According to the College Board1, the average cost of college for 2017 was $34,740 at private colleges, $9,970 for in-state residents at a public college, and $25,620 for out-of-state residents at a public college. No matter how you look at it – it’s not cheap.
A possible solution? A designated education savings account could be the way to go. But with several ways to save for your child’s education, we understand that it can be tricky knowing where to start. Because everyone’s individual needs are different, there really is no one option that can be recommended for everyone.
However, two very popular choices for education saving are the 529 education savings plan and UGMA/UTMA custodial accounts. Here are some of the aspects of each account to consider.
529 College Savings Plans
As of December 2017, 529 education savings plans can now be used to pay for private elementary school and onward, in addition to college expenses. For those who know their child will be attending a private school, college, or both, and intend on saving money for a majority of the tuition, a 529 Savings Plan could be a suitable option. This tax advantaged investment account allows individuals to contribute towards a beneficiary’s education expenses. Specifically, the tax advantage with these plans is that tax earnings are able to grow tax-deferred and withdrawals are tax-free when used for qualified education expenses. These 529 plans are generally sponsored by individual states, or in some cases, by qualified educational institutions, and are administered by investment companies that oversee the underlying assets.
There are no annual contribution limits for a 529 plan, and contributions are treated as gifts for federal tax purposes. This means anyone can give up to $14,000 a year free from federal gift taxes. Donors also have the option of averaging a single lump-sum contribution over five-years, meaning they could give a gift of up to $70,000 at one time, tax free.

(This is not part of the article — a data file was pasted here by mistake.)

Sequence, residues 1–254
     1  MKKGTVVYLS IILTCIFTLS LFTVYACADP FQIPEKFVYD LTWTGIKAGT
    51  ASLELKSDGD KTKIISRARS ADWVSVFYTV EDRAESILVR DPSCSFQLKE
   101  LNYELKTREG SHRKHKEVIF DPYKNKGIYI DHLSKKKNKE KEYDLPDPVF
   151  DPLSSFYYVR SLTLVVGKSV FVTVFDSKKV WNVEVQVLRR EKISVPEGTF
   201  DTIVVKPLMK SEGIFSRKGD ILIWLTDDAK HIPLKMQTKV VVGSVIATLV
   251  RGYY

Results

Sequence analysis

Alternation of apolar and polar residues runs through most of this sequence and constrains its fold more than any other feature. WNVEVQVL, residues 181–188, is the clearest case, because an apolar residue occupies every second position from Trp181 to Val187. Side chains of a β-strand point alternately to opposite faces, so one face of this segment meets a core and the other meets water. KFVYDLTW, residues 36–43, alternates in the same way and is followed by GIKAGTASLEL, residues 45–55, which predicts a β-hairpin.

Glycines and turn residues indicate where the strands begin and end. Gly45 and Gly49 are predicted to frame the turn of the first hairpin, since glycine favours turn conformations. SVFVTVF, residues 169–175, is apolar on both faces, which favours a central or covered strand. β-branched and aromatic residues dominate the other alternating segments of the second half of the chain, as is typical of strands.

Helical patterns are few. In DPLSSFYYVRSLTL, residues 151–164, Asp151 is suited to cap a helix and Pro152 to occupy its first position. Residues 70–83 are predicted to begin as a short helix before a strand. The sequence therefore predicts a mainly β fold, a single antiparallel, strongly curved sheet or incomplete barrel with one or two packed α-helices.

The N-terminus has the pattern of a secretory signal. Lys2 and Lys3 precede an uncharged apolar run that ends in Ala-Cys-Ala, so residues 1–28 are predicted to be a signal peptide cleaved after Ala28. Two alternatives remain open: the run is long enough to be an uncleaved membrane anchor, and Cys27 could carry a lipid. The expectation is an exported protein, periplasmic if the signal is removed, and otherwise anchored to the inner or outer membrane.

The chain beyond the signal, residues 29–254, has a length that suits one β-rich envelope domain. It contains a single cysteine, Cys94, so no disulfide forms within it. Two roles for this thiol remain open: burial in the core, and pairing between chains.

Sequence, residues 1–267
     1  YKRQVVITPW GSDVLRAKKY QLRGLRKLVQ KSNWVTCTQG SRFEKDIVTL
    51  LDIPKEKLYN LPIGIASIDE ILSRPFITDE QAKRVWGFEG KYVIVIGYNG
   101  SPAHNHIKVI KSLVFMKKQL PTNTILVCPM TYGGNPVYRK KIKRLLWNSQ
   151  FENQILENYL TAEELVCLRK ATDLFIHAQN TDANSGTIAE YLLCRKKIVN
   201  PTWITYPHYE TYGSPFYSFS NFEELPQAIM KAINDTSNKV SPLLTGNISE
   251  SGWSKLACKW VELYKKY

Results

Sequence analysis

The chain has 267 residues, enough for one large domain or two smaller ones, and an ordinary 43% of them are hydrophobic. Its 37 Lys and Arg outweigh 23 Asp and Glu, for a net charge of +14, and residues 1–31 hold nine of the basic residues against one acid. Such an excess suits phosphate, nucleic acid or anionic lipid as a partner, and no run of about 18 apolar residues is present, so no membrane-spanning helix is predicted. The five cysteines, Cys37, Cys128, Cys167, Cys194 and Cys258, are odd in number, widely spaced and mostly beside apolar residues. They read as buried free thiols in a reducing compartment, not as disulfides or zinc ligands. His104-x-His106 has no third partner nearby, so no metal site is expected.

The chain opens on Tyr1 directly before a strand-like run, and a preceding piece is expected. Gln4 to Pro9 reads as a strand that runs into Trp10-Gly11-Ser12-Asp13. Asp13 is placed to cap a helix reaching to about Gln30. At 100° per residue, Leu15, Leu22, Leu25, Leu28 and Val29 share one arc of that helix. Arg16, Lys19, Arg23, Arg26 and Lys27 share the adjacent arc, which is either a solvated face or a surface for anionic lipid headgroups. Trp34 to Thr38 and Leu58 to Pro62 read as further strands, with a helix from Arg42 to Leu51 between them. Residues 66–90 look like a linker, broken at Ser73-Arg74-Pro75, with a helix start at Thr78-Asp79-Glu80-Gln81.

But keep in mind, while there is no annual contribution limit for 529 plans, each plan does have a maximum contribution per beneficiary allowed. These maximums are generous though, usually ranging anywhere from $200,000 to $500,000, depending on the state.
Additionally, you are able to change the beneficiary of a 529 plan without paying a federal income tax penalty if the new beneficiary is an eligible family member of the original beneficiary.
One important aspect about a 529 plan you must remember is this – all money from the account must be used for education-related expenses. This includes expenses like tuition, room and board, books, etc. Using the money for anything other than a qualified education expense will result in a hefty 10% penalty plus additional taxes.
One final note we want to make about 529 is this – the owner of the account will always maintain control over the account. If you are a parent that has opened a 529, you remain in charge of the account even after your child, the beneficiary, has turned 18.